William Arthur Cornaby (1860-1921) was born in London and educated at the School of Mines before training as a Methodist minister. In 1885 Cornaby was sent as a missionary to Wuhan, central China, and A String of Chinese Peach-Stones (1895) was inspired by his experiences. Cornaby explains that his title suggests that the reader possesses 'a collection of desiccated tales, legends, and the like, picked up here and there along the highways and byways of China'. Cornaby's work covers the period 1849-1867, and discusses the major episodes of the Taiping Rebellion (1850-1864) as well as providing a detailed account of village life in central China, with its farm work, foods, festivals, customs and rituals that remains of interest to anthropologists and historians today. Cornaby's aim was to educate his English readers and to interest them in the culture that so dominated his own life and work.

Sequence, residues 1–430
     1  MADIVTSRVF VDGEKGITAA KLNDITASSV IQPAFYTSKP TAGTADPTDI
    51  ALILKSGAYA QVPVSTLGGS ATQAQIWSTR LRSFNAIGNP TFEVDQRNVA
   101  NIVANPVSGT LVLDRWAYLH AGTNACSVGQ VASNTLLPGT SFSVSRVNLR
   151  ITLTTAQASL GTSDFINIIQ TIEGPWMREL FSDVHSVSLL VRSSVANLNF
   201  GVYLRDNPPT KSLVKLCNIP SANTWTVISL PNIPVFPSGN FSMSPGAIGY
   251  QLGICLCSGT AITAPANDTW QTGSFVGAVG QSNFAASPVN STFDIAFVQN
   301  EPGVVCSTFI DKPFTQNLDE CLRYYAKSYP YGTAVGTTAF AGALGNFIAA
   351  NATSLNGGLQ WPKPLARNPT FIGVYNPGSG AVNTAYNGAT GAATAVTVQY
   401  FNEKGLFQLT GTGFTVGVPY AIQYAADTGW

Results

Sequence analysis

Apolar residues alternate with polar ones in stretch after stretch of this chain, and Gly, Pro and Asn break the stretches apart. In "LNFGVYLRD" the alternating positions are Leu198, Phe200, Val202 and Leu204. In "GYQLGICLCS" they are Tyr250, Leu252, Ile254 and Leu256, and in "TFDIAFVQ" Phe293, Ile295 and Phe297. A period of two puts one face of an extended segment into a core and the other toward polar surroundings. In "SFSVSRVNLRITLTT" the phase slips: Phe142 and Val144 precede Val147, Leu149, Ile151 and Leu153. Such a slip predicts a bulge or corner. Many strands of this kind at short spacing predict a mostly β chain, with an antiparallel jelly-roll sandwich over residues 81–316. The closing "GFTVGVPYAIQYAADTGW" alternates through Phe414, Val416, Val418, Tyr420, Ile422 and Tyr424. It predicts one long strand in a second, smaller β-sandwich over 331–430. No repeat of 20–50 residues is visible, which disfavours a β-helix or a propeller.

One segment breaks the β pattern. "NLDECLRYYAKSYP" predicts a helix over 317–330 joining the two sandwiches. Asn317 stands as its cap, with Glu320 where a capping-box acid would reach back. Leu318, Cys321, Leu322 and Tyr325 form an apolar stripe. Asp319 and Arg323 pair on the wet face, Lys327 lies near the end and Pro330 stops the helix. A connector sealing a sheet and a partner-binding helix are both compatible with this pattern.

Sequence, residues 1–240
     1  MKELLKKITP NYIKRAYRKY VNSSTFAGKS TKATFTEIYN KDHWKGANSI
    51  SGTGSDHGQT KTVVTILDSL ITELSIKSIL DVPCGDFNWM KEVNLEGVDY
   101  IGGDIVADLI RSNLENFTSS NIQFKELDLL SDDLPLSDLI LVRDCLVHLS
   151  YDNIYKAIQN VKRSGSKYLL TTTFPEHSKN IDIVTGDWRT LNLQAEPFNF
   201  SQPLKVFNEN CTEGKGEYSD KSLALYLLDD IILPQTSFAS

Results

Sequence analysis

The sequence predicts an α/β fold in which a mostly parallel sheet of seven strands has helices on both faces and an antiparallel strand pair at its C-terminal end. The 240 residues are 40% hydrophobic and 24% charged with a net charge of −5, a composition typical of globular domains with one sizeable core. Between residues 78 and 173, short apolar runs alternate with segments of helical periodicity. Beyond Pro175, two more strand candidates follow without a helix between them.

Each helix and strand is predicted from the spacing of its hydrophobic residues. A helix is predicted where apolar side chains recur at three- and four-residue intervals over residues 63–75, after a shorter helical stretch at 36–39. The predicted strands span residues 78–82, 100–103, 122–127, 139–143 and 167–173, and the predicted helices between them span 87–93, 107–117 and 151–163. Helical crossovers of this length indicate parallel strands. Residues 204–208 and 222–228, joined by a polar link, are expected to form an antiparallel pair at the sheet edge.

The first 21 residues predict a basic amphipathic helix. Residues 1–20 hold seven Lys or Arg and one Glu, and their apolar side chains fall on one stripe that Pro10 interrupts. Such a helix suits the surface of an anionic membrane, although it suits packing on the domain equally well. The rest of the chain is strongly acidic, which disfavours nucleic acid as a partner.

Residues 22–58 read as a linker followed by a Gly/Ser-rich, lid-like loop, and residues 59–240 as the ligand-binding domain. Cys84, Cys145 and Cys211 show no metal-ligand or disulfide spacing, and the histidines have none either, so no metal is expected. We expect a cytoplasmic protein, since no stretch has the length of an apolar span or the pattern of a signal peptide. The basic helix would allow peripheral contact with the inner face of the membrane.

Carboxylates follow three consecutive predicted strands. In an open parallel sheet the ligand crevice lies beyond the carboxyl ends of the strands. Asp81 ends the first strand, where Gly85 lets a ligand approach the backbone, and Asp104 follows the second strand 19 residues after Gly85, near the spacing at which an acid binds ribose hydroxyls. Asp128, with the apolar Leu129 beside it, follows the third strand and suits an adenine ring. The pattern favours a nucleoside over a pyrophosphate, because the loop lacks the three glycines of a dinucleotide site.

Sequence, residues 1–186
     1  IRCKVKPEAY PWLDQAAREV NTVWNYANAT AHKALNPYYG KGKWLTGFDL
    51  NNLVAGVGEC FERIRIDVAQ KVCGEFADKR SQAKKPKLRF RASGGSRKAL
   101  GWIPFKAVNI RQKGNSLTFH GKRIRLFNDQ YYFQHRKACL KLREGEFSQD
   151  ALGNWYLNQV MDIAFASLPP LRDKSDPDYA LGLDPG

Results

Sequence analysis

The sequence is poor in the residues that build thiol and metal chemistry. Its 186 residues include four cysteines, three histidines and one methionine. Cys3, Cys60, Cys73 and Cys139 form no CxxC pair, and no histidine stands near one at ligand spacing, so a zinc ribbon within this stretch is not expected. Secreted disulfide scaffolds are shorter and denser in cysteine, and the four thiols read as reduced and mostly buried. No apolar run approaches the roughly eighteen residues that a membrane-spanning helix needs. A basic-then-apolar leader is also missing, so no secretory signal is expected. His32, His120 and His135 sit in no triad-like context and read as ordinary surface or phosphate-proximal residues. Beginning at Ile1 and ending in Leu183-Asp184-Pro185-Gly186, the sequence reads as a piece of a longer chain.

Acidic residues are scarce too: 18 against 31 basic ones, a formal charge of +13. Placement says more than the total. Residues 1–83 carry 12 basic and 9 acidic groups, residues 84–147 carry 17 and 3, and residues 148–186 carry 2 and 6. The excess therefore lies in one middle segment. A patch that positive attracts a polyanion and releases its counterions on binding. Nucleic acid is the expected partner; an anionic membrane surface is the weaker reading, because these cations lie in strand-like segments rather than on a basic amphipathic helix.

Series: Cambridge Library Collection - Travel and Exploration in Asia
Number Of Pages: 500
Published: 10th June 2010
Publisher: Cambridge University Press
Country of Publication: GB
Dimensions (cm): 21.6 x 14.0 x 2.8
Weight (kg): 0.63